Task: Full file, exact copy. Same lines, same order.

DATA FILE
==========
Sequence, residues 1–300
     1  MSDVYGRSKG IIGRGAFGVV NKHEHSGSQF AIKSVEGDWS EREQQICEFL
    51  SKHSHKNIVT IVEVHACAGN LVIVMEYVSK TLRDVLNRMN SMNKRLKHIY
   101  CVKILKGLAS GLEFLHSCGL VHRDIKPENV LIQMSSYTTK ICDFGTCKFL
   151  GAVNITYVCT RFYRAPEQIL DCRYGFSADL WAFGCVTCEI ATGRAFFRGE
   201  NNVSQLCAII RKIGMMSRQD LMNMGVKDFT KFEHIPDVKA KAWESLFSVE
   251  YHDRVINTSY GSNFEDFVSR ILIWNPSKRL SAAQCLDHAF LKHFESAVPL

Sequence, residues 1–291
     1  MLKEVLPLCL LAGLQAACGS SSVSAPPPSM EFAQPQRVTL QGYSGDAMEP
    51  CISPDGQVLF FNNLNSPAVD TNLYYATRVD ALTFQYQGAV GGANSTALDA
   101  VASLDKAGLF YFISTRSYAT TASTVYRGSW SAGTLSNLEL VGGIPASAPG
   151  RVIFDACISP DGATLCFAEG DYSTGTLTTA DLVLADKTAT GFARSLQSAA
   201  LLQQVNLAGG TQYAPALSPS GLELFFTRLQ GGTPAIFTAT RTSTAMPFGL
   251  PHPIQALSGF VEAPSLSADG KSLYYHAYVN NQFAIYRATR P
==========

Sequence, residues 1–300
     1  MSDVYGRSKG IIGRGAFGVV NKHEHSGSQF AIKSVEGDWS EREQQICEFL
    51  SKHSHKNIVT IVEVHACAGN LVIVMEYVSK TLRDVLNRMN SMNKRLKHIY
   101  CVKILKGLAS GLEFLHSCGL VHRDIKPENV LIQMSSYTTK ICDFGTCKFL
   151  GAVNITYVCT RFYRAPEQIL DCRYGFSADL WAFGCVTCEI ATGRAFFRGE
   201  NNVSQLCAII RKIGMMSRQD LMNMGVKDFT KFEHIPDVKA KAWESLFSVE
   251  YHDRVINTSY GSNFEDFVSR ILIWNPSKRL SAAQCLDHAF LKHFESAVPL

Sequence, residues 1–291
     1  MLKEVLPLCL LAGLQAACGS SSVSAPPPSM EFAQPQRVTL QGYSGDAMEP
    51  CISPDGQVLF FNNLNSPAVD TNLYYATRVD ALTFQYQGAV GGANSTALDA
   101  VASLDKAGLF YFISTRSYAT TASTVYRGSW SAGTLSNLEL VGGIPASAPG
   151  RVIFDACISP DGATLCFAEG DYSTGTLTTA DLVLADKTAT GFARSLQSAA
   201  LLQQVNLAGG TQYAPALSPS GLELFFTRLQ GGTPAIFTAT RTSTAMPFGL
   251  PHPIQALSGF VEAPSLSADG KSLYYHAYVN NQFAIYRATR P